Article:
His lyrical paintings of Santiago de Cuba capture the city’s soul like no one else. He rejoices in improbable but real spaces, in the reddish tone of the locally made roof tiles, in the hundred year old balconies and in the cobblestones worn down by the incessant comings and goings of its inhabitants. He has captured the city’s luminosity and strong sunshine.
The light in this eastern Cuban city has always presented a challenge to its artists. Ferrer has worked diligently to find a technique that dealt with the problem and glare of the sun light. His technique involved keeping a clean palette of translucent colors to represent the harsh, unrelenting light of his city. He felt that artists cannot paint shadows in Santiago, purple or dark, because the shadows are bright, as bright as the light. Painting them otherwise would portray dirty shadows and would not show all the light that they really have.
In addition to his cityscapes, Ferrer has given us an insight into the joys and passions of his Caribbean nation. He paints the Carnival and all of its giddy emotions. He even referred to Santiago itself as a carnival because of the diversity of the light which continually changes and gives energy to the city. Ferrer conveyed some of that energy with his use of the palette knife to which gives the sensuous feeling of touch. He draws us inside the rhythms of the rumba with his portrayals of carnival dancers and congas. It is in these paintings that Ferrer shows the wealth of color and excitement at Carnival time. In his painting La rumba III Ferrer used the bold verticals of the two brightly colored drums to evoke the movement of a dancer’s hips and the intensity of emotions on the drummer’s face reveal the power of the music. The work draws the viewer into the Carnival mêlée.
Cuban poet and independence leader, José Marti who is buried in Santiago de Cuba, summed up the power of Ferrer when he said, “Who does not feel in himself the growing of a strange force when in the presence of a beautiful painting.”
Visión de Antonio Ferrer Cabello
por Miguel Angel Botalín
Ferrer pinta retratos, paisajes, dibuja, hace acuarelas, pasteles, grabados, incursiona en técnicas y explora temas variados, aunque su obra sobresaliente estará desde entonces en el retrato, seguido de cerca del paisaje urbano.
Al artista caracteriza el dibujo preciso, fuerte, esto unido a la riqueza cromática de su paleta y el dominio técnico, le servirán para realizar retratos donde capta la sicología de sus personajes en una pintura de gran acabado.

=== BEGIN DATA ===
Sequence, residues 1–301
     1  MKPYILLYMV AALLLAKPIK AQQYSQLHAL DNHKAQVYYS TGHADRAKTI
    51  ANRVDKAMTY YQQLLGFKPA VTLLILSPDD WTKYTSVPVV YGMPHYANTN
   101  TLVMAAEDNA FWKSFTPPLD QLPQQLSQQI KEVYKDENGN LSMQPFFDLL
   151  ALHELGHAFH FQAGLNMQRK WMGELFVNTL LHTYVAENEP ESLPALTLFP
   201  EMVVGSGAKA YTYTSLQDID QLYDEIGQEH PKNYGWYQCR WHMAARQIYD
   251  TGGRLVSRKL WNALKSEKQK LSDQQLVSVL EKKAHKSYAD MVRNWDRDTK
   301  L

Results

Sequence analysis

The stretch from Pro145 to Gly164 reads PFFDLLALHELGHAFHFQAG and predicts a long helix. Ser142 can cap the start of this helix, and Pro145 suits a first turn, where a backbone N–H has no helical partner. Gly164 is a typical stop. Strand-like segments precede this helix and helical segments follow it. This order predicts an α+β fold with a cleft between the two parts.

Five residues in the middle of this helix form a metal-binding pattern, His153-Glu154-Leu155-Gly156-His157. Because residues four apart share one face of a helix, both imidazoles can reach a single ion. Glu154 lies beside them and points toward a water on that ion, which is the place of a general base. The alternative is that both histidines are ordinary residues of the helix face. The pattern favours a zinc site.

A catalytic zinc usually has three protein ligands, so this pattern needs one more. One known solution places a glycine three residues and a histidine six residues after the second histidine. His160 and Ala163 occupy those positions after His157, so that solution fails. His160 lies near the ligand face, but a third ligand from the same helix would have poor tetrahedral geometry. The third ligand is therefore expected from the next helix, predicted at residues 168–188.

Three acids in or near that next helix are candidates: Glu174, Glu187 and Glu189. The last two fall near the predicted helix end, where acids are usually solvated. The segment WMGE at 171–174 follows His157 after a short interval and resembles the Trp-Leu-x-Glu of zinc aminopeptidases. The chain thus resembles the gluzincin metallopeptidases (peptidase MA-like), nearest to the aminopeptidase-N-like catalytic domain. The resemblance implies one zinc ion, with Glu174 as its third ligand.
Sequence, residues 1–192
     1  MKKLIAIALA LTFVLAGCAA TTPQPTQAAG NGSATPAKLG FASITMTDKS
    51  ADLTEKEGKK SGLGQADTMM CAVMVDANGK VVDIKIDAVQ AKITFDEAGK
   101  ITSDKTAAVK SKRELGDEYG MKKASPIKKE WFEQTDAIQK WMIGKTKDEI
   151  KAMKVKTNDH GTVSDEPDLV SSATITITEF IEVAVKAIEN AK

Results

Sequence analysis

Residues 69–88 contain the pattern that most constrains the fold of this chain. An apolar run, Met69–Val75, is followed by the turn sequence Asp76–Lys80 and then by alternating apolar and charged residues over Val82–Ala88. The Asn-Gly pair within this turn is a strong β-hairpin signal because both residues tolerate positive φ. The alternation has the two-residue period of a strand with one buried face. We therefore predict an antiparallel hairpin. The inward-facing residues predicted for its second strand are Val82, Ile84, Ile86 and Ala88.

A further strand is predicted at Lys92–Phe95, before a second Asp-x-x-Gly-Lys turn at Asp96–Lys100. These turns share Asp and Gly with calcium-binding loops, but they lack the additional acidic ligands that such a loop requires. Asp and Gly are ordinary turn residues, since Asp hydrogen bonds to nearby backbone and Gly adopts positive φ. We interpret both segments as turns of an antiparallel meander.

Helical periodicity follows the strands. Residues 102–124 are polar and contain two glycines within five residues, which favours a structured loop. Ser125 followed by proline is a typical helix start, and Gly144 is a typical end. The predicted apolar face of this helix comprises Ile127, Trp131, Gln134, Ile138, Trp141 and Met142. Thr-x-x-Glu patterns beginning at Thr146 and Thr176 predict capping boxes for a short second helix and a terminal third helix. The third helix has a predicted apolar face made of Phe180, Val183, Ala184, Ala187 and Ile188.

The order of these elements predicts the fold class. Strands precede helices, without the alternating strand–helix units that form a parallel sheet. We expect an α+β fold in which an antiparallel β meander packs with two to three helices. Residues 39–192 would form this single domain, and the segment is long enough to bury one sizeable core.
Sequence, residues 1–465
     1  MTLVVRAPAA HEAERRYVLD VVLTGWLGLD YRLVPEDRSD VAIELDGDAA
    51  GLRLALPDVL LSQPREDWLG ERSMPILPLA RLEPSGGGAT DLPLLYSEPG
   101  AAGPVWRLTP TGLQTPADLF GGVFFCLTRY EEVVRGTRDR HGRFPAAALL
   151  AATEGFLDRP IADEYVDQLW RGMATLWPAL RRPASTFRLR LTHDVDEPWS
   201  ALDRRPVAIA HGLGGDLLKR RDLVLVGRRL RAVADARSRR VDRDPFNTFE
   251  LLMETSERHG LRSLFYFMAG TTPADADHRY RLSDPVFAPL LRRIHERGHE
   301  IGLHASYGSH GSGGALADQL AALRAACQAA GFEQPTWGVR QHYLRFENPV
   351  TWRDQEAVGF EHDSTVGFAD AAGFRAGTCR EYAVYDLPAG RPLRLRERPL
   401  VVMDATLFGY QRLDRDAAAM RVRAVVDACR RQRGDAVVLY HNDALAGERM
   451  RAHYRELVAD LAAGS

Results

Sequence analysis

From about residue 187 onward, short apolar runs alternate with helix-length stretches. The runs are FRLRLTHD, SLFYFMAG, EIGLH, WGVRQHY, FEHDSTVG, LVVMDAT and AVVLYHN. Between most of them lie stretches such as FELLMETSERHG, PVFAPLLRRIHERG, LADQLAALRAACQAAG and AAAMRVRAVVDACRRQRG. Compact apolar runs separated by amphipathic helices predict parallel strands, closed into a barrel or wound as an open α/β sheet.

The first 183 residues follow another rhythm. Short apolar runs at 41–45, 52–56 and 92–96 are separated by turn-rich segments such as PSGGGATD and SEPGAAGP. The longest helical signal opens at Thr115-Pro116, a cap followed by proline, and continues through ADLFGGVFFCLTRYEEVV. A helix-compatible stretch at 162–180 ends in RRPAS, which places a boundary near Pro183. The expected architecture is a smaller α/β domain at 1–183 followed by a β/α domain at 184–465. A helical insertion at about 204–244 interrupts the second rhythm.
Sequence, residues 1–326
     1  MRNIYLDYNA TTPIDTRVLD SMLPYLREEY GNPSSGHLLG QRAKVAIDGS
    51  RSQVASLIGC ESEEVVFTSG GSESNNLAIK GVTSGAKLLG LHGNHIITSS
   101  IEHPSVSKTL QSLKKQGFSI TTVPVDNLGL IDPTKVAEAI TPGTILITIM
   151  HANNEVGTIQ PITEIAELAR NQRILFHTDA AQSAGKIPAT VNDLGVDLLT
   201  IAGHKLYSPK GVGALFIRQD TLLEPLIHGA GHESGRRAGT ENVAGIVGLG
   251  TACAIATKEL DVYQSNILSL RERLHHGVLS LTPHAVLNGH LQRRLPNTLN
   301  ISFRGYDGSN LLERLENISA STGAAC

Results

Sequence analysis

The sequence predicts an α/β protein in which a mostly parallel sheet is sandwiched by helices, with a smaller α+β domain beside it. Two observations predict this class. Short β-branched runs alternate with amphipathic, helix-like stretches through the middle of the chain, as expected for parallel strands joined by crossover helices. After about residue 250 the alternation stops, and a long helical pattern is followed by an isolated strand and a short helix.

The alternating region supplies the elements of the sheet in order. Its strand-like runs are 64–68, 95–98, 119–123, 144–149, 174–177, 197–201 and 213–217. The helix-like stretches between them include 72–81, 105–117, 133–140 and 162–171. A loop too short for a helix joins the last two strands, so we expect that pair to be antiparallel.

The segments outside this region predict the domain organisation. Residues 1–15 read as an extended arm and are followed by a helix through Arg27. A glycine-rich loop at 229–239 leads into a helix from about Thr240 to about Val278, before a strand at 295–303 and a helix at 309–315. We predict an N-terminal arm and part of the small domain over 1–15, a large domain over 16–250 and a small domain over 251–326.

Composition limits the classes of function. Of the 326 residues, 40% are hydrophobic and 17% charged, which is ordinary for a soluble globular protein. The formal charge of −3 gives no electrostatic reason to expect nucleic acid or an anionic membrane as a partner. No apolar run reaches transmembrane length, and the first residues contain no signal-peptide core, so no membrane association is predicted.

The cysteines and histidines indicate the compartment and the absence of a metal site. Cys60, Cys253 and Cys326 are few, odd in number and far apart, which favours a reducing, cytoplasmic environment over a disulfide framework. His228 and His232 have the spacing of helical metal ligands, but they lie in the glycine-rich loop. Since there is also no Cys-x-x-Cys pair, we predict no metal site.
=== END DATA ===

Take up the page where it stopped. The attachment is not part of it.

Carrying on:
Cuando observamos entre sus obras el “Facundo” o el “Lincoln” y vemos cómo maneja el claroscuro, descubrimos que cada pincelada es clave, que cada una está situada en el lugar preciso sin descuidar la fisonomía del retrato, alcanzando la blandura de la carne con una luminosidad tropical. Luego vendrán el “Paez” y el “Sabas” y otros muchos de igual calidad donde la sicología de cada modelo no se escapa a la sensibilidad del creador a su pupila que ve de antemano lo exacto que pide la tela. “Paez” y “Sabas” son dos obras que vimos crecer día a día de forma fluida y nos hizo pensar que cada pincelada se colocaba para que nosotros comprobáramos lo que el pintor había visto mucho antes.
Domina todo lo necesario en técnicas y cuenta con talento pero sin dudas la etapa de su formación y el aislamiento que lo rodea en Santiago no le exige cambios en la concepción de su pintura. A la propia capital llegan con gran retraso las corrientes más actuales y no son muchos los que viajan, estudian y regresan para influir en unos pocos seguidores. Ferrer trae a su ciudad esa vanguardia y no sólo promueve la comunicación con artistas de la capital sino con otros fuera de Cuba. Influirá para que las corrientes más actuales se cultiven en el teatro, la música o apoyando toda experimentación en la revista “Galería”, órgano oficial de la institución, recoge mucho de la labor de promoción donde estuvo su activa presencia.
Volvamos a otro aspecto de su obra pictórica, la de las décadas del sesenta, donde continúan los retratos de los músicos con soluciones diferentes a la etapa anterior. El conjunto logra romper con algunas formas establecidas en Ferrer. Hay más soltura y libertad en los fondos y ambientes, se hace más presente la luz. Hay menos rigidez en las poses. Existen opiniones de que Ferrer es más paisajista que retratista, sustentado por el hecho de que su paisaje citadino cobra un nivel competitivo muy fuerte. El conjunto del “Tivolí” es de una gran belleza. Nos devuelve en telas la luz y el color como nunca antes lo habiamos disfrutado.
Es el sol de Santiago en las fachadas de las casas, con sus colores vivos y una modernidad en el tratamiento que impresiona. Es como dijo Soler: “La luz de la Sombra” y la solución sin rebuscamientos. Está allí el sol que quema y una sombra llena de luz que nada tiene de umbrosa.
Hay vida, aún sin peatones, porque somos nosotros los que recibimos el sol, entornamos los ojos y cruzamos a la otra acera en busca de la sombra acogedora.
Evocar la obra de un artista es una labor grata. Estamos seguro que la obra y la vida de Ferrer es suma de experiencia y deuda que más de una generación le agredece.